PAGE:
Today’s job report from the U.S. Bureau of Labor Statistics shows a strong economic resurgence in July.
Total nonfarm payroll employment rose by 943,000 in July, and the unemployment rate
declined by 0.5 percentage point to 5.4 percent, the U.S. Bureau of Labor Statistics
reported today. Notable job gains occurred in leisure and hospitality, in local government
education, and in professional and business services.
The unemployment rate fell for across key worker groups.
Among the major worker groups, the unemployment rates declined in July for adult men
(5.4 percent), adult women (5.0 percent), Whites (4.8 percent), Blacks (8.2 percent), and
Hispanics (6.6 percent). The jobless rates for teenagers (9.6 percent) and Asians (5.3
percent) showed little change over the month.
And the number of long-term unemployed also dropped, though it remains much higher than the pre-pandemic level.
The number of long-term unemployed (those jobless for 27 weeks or more) decreased by
560,000 in July to 3.4 million but is 2.3 million higher than in February 2020. These
long-term unemployed accounted for 39.3 percent of the total unemployed in July. The
number of persons jobless less than 5 weeks increased by 276,000 to 2.3 million.
Wages also improved by about 4%, the the BLS notes wide variations.
In July, average hourly earnings for all employees on private nonfarm payrolls increased
by 11 cents to $30.54, following increases in the prior 3 months. Average hourly earnings
for private-sector production and nonsupervisory employees also rose by 11 cents in July
to $25.83. The data for recent months suggest that the rising demand for labor associated
with the recovery from the pandemic may have put upward pressure on wages. However,
because average hourly earnings vary widely across industries, the large employment
fluctuations since February 2020 complicate the analysis of recent trends in average
Analysts call the report good news. The Wall Street Journal writes,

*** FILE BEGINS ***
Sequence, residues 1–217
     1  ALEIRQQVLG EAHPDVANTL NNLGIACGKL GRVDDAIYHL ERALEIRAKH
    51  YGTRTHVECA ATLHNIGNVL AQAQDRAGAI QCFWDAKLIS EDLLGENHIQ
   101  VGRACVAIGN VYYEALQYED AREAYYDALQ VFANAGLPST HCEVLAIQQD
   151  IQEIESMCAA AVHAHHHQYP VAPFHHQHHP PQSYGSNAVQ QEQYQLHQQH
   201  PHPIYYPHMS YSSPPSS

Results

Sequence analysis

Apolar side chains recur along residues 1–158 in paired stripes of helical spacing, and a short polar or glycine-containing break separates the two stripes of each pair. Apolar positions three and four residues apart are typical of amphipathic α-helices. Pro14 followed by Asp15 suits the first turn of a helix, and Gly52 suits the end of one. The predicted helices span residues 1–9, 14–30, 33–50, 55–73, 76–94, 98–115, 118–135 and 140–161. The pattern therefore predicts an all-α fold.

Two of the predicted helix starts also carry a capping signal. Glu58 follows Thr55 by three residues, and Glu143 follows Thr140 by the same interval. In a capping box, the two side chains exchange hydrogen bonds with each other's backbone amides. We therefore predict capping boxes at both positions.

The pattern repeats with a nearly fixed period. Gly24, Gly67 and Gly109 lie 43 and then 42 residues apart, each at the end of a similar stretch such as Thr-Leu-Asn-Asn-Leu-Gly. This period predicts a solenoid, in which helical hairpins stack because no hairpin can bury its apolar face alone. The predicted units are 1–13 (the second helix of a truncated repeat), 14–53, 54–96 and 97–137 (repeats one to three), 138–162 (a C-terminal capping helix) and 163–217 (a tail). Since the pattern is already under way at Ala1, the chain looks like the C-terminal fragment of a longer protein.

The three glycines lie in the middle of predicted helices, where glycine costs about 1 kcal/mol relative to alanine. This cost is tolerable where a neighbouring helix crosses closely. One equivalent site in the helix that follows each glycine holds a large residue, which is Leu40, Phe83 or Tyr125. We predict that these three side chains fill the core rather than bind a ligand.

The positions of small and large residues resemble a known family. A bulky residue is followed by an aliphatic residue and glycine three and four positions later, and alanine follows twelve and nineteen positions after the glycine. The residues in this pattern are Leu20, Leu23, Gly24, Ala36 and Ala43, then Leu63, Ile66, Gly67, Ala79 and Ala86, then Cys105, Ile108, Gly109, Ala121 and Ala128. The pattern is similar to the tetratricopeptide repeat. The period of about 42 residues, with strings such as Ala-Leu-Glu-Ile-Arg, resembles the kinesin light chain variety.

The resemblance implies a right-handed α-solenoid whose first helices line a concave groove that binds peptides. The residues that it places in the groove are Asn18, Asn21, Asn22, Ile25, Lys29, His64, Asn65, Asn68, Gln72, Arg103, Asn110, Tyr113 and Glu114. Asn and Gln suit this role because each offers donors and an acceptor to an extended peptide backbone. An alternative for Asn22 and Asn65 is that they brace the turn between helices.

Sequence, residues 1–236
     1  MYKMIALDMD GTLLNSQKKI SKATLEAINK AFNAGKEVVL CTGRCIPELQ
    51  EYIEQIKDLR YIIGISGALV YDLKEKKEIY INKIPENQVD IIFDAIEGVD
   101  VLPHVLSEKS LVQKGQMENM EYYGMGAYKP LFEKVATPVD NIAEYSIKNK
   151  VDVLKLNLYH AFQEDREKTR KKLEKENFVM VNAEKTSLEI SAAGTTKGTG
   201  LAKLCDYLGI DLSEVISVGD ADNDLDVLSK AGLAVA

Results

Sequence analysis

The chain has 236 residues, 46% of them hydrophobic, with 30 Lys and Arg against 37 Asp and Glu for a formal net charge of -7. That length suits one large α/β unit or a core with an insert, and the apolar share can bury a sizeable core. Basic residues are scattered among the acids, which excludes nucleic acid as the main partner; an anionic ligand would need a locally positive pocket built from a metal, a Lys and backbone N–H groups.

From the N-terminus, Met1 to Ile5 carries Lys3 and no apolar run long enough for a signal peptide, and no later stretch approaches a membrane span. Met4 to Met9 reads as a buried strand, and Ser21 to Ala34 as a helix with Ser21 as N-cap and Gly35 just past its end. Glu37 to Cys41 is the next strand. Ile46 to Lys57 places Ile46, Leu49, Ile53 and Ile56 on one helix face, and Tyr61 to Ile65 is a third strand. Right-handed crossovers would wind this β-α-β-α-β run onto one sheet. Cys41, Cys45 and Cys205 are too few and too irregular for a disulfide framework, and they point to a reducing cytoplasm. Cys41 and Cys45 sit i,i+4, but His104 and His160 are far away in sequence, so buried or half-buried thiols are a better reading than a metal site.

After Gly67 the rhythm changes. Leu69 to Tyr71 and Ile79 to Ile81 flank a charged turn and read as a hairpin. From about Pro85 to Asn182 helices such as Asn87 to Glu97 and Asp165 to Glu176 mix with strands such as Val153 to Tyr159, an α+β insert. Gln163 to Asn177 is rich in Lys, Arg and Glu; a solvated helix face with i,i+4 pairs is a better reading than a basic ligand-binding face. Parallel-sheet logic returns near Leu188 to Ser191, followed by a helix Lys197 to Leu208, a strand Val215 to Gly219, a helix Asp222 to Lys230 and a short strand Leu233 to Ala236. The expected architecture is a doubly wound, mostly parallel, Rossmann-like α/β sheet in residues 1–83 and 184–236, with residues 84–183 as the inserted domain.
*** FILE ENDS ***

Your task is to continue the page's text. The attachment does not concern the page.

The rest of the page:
A strengthening U.S. labor market added cushion to the economic recovery in July ahead of the Delta variant threat, with employers creating jobs at the best pace in nearly a year and the unemployment rate falling sharply…
Friday’s report showed that the U.S. economy is facing any threat posed by the Delta variant with a strong tailwind. The economy has recovered rapidly this year with availability of vaccines, business reopenings, pent-up consumer demand and aid flowing from multiple rounds of government stimulus legislation. Falling unemployment and rising wages further reinforce underlying strength, and so far there is little evidence to suggest that the recent case surge is significantly slowing the U.S. recovery.
The WSJ points out the surveys for the jobs report were conducted in mid-July, before many employers and public officials re-imposed some workplace and behavioral restrictions in response to the Delta variant. Still,
“This not only was a strong jobs report by nearly every measure, it also signals more good things to come,” said Robert Frick, corporate economist at Navy Federal Credit Union, adding that the report reflects little about the rising cases tied to the Delta variant. “The effect this will have on jobs, especially in the leisure and hospitality industries, is unknown, though so far it appears to be minimal.”
“We haven’t seen too many strict quarantine measures—masks aren’t closures” in terms of economic impact, said Beth Ann Bovino, U.S. chief economist at S&P Global. The U.S. faces little risk of falling back into recession, and job growth should continue this fall, she said. But Ms. Bovino said the Delta variant could make her forecast for employers to add 600,000 jobs a month through the end of the year too optimistic.
As we noted yesterday in our comments on unemployment claims filings, heading into August the recovery faces three headwinds: labor shortages, supply-chain challenges, and the Delta variant. Of the three, the biggest concern appears to be virus.
The Associated Press also reports on the July numbers and notes the pandemic effect.
The worry is that the resurgent virus could discourage people from going out and spending and trigger another round of shutdowns or other restrictions.
“That is a definite downside risk,’’ said Rubeela Farooqi, chief U.S. economist at High Frequency Economics. “The risk is from a more cautious consumer, if they don’t want to engage in outside activities. … You’re also hearing about big companies that are delaying a return to work. That might be something that slows things down.’
In all a good report.